• Germany's news in English
 
app_header_v3

One month, 36,000 kilometres: Europe's Interrail champion

The Local · 29 Jun 2012, 18:04

Published: 29 Jun 2012 18:04 GMT+02:00

In a former railway station in Leipzig, Manfred Weis steps onto a stage to a round of applause. The IT consultant from Karlsruhe, Germany, is there to celebrate forty years of Interrail at an event organized by the Eurail Group. The applause is in recognition of his own contribution to the history of rail travel:

“I’m often asked how I managed to travel 36,030 kilometres by train in just thirty days,” Manfred tells the audience.

At the age of 18, Manfred bought his first Interrail ticket. He travelled on his summer holidays along with a few friends. During his travels he heard about someone who had turned train travel into a competitive sport, travelling 29,000 kilometres in one month.

“There and then I decided to beat that record. I started by contacting the previous record holder to ask how I could prove my performance,” he said.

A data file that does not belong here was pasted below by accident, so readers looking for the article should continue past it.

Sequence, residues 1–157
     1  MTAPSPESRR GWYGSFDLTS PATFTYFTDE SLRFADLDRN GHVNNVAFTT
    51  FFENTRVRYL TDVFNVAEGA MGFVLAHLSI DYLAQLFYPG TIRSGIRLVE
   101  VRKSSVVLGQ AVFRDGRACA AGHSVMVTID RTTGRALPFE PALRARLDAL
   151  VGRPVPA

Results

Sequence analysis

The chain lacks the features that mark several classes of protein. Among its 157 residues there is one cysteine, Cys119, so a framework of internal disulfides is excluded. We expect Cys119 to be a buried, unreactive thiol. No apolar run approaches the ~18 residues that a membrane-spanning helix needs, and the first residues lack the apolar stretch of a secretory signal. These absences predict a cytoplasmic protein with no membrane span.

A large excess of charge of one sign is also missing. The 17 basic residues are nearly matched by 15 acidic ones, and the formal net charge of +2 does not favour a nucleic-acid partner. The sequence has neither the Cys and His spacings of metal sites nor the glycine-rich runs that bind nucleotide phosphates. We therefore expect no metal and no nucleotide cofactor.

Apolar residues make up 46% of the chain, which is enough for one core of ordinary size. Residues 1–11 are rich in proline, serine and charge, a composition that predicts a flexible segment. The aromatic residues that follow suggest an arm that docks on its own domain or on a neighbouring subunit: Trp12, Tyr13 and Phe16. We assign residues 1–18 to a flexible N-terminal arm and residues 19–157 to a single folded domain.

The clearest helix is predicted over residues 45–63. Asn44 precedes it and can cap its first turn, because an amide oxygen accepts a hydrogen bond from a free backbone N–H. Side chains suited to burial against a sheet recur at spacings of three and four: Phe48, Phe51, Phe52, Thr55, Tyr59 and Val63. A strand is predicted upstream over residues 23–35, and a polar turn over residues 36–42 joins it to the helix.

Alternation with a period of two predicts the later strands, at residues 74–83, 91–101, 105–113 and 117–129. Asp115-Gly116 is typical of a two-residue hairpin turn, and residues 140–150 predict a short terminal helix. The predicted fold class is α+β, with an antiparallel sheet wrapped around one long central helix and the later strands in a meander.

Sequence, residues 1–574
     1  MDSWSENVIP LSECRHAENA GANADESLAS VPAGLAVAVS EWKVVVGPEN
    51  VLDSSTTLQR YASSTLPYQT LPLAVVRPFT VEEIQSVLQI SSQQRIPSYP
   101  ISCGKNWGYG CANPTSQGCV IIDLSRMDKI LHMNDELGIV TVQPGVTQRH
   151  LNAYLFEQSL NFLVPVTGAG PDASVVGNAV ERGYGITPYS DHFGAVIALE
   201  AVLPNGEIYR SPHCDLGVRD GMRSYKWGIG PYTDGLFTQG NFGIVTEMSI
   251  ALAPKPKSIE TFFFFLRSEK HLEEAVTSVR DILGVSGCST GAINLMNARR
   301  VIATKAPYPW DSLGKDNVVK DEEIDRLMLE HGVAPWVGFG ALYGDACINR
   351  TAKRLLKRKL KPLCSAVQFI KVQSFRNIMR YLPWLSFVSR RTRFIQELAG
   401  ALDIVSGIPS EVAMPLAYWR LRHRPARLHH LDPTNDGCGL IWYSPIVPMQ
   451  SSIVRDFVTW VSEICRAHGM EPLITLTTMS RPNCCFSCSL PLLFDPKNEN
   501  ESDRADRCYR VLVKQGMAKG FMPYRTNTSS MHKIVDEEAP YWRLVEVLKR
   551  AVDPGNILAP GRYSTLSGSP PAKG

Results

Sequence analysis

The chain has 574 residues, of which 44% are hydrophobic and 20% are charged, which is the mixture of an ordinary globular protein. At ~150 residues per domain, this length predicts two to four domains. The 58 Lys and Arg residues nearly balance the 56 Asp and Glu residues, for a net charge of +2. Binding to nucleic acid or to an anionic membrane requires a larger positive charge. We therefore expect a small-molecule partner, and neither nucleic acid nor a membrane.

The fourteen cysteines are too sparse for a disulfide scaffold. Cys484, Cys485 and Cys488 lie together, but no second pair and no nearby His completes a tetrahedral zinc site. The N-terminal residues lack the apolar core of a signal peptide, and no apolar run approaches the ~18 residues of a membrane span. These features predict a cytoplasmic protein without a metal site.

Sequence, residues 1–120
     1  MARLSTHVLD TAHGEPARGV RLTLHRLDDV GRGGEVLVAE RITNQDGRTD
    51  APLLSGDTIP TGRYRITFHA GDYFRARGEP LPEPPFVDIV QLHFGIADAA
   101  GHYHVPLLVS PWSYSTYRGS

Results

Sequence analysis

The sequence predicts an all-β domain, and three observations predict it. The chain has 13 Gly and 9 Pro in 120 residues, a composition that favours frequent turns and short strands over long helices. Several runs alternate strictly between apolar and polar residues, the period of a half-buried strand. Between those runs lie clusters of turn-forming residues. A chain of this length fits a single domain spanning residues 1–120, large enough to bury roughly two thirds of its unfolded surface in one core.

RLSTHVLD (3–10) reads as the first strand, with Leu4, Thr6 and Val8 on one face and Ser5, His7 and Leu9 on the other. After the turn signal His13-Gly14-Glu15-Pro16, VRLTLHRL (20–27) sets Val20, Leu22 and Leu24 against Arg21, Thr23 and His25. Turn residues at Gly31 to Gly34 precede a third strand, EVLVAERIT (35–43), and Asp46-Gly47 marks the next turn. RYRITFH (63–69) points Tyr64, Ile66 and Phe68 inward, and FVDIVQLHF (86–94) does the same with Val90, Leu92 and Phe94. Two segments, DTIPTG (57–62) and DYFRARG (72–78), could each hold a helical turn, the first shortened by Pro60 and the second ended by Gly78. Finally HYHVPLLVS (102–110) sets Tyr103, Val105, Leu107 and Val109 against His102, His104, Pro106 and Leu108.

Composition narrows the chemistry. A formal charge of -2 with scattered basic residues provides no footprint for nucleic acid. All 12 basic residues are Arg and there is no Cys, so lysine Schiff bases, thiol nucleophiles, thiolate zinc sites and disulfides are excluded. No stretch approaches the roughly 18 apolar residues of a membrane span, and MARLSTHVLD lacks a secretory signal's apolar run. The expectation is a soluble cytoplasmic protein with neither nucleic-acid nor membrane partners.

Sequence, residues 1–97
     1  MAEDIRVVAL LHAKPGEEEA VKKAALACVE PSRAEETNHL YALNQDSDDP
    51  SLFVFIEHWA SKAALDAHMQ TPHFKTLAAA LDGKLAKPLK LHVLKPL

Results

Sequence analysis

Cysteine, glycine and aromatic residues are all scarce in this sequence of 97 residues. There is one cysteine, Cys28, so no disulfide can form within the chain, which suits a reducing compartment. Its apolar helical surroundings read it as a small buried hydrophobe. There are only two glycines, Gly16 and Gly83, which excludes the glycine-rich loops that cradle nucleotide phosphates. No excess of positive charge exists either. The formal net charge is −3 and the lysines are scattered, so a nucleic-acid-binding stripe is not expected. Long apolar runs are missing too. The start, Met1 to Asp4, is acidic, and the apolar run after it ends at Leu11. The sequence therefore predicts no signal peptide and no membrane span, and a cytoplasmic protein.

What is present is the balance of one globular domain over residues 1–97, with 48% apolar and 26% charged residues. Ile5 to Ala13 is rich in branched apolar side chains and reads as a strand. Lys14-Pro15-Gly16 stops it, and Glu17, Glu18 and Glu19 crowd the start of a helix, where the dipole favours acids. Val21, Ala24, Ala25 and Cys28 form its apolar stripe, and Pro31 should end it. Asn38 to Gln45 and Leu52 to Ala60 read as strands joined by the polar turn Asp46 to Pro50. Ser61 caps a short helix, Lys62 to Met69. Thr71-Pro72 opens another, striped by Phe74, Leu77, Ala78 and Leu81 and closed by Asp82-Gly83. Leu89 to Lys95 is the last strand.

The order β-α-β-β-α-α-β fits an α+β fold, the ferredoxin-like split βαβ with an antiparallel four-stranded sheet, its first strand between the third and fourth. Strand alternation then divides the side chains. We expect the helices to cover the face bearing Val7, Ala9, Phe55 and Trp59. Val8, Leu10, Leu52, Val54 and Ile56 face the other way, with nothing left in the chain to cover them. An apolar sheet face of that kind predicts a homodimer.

Becoming world champion meant having to follow some strict rules: every train journey had to be documented with a signature from the conductor. A stamp from every town was needed in the Interrail pass book, as proof that he really had visited every destination.

The route was planned carefully to ensure that he would beat the record. Soon Manfred was once again travelling Europe’s train tracks.

“I didn’t reflect on it at the time, but it was a way for me to become independent. Meeting new people and getting around by myself made me grow as a person.”

Article continues below

Manfred holds the Interrail record to this day. As well as seeing more of Europe’s plaforms, cities and landscapes than any other person in so short a time, the journey awakened a new interest for him. Rail travel became part of his life.